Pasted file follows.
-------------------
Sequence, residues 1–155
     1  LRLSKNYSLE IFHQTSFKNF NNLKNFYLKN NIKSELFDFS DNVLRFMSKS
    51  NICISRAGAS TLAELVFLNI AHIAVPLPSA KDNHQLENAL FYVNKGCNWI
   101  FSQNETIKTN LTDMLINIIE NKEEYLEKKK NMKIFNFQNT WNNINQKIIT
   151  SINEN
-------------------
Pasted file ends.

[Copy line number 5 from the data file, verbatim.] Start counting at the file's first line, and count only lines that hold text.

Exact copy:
   151  SINEN